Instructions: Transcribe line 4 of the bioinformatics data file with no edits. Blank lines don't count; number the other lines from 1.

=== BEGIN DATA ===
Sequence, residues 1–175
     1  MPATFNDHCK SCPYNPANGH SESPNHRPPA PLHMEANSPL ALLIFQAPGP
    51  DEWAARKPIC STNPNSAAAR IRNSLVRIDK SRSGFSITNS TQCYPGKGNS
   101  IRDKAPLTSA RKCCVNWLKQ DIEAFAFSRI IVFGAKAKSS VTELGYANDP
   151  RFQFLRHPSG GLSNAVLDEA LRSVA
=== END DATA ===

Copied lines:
   101  IRDKAPLTSA RKCCVNWLKQ DIEAFAFSRI IVFGAKAKSS VTELGYANDP